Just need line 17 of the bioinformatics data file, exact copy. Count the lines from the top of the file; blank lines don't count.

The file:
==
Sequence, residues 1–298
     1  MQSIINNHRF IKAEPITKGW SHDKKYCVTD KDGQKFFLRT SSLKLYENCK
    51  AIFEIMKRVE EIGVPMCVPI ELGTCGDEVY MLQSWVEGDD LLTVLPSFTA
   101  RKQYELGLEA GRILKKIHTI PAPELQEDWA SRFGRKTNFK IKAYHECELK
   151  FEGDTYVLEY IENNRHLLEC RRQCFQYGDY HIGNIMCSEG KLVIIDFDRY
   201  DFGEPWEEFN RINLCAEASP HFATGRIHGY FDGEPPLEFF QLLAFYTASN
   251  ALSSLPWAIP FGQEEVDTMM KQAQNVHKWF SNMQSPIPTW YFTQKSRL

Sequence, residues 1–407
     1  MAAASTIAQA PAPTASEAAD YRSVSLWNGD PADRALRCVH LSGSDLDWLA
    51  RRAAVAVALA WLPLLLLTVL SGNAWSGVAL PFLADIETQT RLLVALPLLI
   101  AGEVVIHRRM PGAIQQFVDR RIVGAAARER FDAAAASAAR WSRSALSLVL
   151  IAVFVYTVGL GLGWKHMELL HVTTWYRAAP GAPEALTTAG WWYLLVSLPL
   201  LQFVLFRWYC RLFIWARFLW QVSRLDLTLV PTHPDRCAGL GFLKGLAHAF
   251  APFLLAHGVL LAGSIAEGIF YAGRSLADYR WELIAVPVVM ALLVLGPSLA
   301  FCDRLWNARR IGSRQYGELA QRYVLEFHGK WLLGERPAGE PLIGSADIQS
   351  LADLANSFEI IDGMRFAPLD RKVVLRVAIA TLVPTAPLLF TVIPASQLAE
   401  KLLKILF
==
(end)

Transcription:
   401  KLLKILF